After sleeping on it, the suggestion of Pusey et al that two completely different preparation methods can leave a photon in physically identical states no longer seems quite so improbable, particularly when looked at through the somewhat astigmatic lens of the statistical interpretation, which after all says that two photons that have been prepared in identical ways could be in completely different physical states.
Even granted this, there are still things about the argument of “The quantum state cannot be interpreted statistically” by Matthew F. Pusey, Jonathan Barrett and Terry Rudolph that I don’t understand, although my well-known lack of intellectual capability may be holding me back here.
So given two photons, both of which are in physical state λ, one of which has been prepared by… well, I don’t want to use the word “state” here, because that’s one of the things that makes the paper confusing to my small mind. So let’s say the photon has been “ketted”, which is to the best of my knowledge the first use of “ket” as a verb.
Using this terminology we can say that although the photons are both in physical state λ they have been ketted into it by different means, one via |0> and one via |+>. Now according to the statistical interpretation of quantum mechanics, being ketted into a state via the |0> or |+> operation (which are really the <0| and <+| operators, but “braed” is unpronounceable and ugly) results in different statistics for outcomes on future measurements, which is OK because the photons are only in identical states some fraction q of the time, by hypothesis.
Now here’s a thing: so far I don’t see anything that isn’t consistent with both the statistical interpretation or the physical reality interpretation. The statistical interpretation does not entail that two photons prepared differently may be in the same state and the physical reality interpretation does not exclude it: the author’s own coin-flipping example demonstrates the latter, and the existence of real numbers demonstrates the former. It may very well be, under the statistical interpretation, that no two photons are ever in the identical physical state.
So nothing thus far is in any way dependent on either interpretation of the wavefunction. Ergo, it is not clear–at least not to me–what is being contradicted when the authors derive their contradiction.
However, since the photons are in identical physical states we should be able to predict with certainty what the outcome of any measurement on them will be, and this the authors proceed to do. They imagine an apparatus that performs some kind of joint measurement on the two photons, projecting the pair according to the operators:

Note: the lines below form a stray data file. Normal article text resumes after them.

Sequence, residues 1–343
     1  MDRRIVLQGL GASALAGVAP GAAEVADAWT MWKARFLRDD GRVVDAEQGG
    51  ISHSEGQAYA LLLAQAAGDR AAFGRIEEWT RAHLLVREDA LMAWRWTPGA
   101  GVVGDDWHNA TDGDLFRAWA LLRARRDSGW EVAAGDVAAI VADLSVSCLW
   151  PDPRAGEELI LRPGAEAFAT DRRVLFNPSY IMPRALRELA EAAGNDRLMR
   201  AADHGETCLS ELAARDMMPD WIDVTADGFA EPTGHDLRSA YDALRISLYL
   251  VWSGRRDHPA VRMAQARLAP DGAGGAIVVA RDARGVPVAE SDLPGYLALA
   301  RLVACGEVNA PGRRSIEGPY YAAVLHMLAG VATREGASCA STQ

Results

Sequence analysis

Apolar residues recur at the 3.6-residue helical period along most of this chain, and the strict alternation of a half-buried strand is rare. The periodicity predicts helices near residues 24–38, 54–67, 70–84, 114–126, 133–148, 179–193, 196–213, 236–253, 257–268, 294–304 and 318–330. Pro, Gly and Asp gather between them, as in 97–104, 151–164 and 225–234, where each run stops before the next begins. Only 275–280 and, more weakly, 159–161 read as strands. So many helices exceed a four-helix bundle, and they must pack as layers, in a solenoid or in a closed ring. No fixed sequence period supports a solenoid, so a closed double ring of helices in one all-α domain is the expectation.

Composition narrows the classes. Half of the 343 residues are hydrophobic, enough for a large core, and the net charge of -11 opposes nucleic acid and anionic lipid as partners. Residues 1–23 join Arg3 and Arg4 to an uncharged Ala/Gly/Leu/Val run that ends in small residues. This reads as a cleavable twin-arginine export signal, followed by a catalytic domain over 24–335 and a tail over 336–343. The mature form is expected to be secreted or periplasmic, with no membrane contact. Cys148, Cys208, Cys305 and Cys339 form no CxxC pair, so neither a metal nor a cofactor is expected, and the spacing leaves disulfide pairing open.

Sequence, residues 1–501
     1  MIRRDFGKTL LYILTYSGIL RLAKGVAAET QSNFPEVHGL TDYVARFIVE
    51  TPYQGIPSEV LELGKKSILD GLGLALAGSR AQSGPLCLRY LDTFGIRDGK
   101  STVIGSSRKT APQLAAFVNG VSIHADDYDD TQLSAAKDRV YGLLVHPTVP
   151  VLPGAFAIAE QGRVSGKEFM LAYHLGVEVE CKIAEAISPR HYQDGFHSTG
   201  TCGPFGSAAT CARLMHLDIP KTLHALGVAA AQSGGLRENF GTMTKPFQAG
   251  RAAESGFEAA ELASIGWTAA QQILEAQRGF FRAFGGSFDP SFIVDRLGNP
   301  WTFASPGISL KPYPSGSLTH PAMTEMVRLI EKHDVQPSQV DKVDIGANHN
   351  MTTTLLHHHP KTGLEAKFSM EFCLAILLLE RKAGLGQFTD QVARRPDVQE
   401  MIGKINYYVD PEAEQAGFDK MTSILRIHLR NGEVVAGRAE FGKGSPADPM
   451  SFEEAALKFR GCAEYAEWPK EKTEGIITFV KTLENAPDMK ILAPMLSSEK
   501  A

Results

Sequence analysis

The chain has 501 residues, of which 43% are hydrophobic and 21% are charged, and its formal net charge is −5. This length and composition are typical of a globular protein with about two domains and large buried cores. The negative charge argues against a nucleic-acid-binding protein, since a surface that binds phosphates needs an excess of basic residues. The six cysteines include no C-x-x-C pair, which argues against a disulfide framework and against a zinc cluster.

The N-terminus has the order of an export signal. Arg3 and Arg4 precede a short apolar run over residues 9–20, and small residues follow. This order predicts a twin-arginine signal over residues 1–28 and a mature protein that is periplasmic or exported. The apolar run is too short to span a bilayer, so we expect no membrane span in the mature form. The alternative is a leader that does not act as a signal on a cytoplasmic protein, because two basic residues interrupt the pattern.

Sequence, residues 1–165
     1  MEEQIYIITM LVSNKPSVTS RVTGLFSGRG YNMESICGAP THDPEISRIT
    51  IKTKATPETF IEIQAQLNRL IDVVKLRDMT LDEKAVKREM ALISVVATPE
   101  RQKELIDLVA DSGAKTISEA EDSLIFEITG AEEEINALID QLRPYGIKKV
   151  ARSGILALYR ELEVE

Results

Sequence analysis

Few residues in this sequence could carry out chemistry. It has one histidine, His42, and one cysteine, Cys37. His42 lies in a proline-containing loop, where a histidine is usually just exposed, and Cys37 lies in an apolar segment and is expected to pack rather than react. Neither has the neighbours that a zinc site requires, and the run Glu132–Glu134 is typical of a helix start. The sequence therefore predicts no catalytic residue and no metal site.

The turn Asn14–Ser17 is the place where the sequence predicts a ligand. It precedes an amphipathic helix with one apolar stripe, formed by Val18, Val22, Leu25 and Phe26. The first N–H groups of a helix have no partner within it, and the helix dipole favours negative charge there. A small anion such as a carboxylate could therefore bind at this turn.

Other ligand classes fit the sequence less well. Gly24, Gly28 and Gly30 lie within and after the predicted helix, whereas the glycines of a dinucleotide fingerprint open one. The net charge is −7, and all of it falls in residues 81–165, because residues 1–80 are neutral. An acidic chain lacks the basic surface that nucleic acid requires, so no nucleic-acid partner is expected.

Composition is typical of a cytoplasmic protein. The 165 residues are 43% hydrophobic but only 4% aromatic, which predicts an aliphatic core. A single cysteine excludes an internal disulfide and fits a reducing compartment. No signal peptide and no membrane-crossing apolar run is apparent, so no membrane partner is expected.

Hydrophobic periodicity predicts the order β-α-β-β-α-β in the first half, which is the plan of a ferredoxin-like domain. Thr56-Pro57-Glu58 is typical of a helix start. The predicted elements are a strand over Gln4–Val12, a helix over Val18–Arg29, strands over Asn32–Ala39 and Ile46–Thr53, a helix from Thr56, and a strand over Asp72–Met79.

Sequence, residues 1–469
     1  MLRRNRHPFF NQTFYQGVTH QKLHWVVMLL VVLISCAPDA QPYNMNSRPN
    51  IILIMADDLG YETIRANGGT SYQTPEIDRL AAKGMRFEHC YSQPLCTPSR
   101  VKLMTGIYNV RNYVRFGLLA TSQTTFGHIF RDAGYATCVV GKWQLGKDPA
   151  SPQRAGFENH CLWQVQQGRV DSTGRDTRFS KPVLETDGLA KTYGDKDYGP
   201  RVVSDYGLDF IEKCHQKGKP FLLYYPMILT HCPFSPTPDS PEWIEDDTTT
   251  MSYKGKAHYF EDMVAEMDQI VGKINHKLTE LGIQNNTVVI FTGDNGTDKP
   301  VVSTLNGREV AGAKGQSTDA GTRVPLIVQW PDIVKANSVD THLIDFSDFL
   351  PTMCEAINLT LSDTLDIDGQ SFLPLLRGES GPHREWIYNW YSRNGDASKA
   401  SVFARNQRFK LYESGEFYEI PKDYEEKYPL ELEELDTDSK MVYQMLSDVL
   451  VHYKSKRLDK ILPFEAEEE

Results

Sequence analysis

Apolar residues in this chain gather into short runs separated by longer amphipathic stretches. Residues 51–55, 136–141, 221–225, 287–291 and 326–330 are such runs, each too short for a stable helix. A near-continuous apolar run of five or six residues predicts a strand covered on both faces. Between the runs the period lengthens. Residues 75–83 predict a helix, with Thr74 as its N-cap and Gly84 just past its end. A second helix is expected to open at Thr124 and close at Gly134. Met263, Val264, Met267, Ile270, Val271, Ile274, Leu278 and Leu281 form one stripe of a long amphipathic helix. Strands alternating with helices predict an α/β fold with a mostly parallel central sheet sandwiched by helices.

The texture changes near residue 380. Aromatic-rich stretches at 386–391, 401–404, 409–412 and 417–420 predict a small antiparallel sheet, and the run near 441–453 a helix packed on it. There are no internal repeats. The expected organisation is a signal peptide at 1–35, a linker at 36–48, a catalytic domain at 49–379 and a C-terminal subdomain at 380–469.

<E1| = <0,1| + <1, 0|
<E2| = <0,-| + <1, +|
<E3| = <+,1| + <-, 0|
<E4| = <+,-| + <-, +|
where I have suppressed the normalization factors of 1/√2 and fiddled with the notation a bit. Since the interesting cases are all zeros the normalization hardly matters.
Now suppose the photons have been ketted into |0,0>. This will produce <E1|0,0> = 0. But at least q2 of the time the photons will both be in λ, and since the authors assume that λ alone (and the state of the apparatus) determines the outcome of the experiment, and λ contains no information about how it got there (by hypothesis) it is possible that the result of <E1| will be non-zero. And the same argument goes for <E2| and so on.
Without going into the detailed statistics of this simple case the authors conclude, “This leads immediately to the desired contradiction. At least q2 of the time, the measuring device is uncertain which of the four possible preparation methods was used, and on these occasions it runs the risk of giving an outcome that quantum theory predicts should occur with probability 0.”
They then say: “This argument shows that no physical state λ of the system can be compatible with both of the quantum states |0> and |+>. If the same can be shown for any pair of quantum states |φ0> and |φ1>, then the quantum state can be inferred uniquely from λ. In this case, the quantum state is a physical property of the system, and the statistical view is false.”
So the general program of the argument is: if we can show that no physical state λ is compatible with being ketted into different quantum states, then there must be a one-to-one relationship between the ketting process and the physical state. The statistical interpretation says that ketting creates a distribution of physical states that result in the diverse experimental outcomes we see, so it must be false because we have proven that ketting by different operators must create different physical states.
OK, at this point the argument no longer seems completely crazy.
It seems to me there is a fundamental flaw, or loophole: the statistical interpretation does not entail that differently ketted photons will sometimes be in the same physical state λ.
That is, “Preparing a photon in the same quantum state will sometimes result in photons in different physical states” does not imply “Preparing a photon in different quantum states will sometimes result in photons that are in the same physical state”. The former proposition is the statistical interpretation. The latter is the assumption that the author’s argument depends on.
On this basis I would say the argument is certainly intriguing, but equally certainly incomplete. If the state λ is rich in real numbers–and why wouldn’t it be?–it is entirely plausible that differently prepared photons never have the same physical state, and at that point the argument simply does not work, which is really too bad.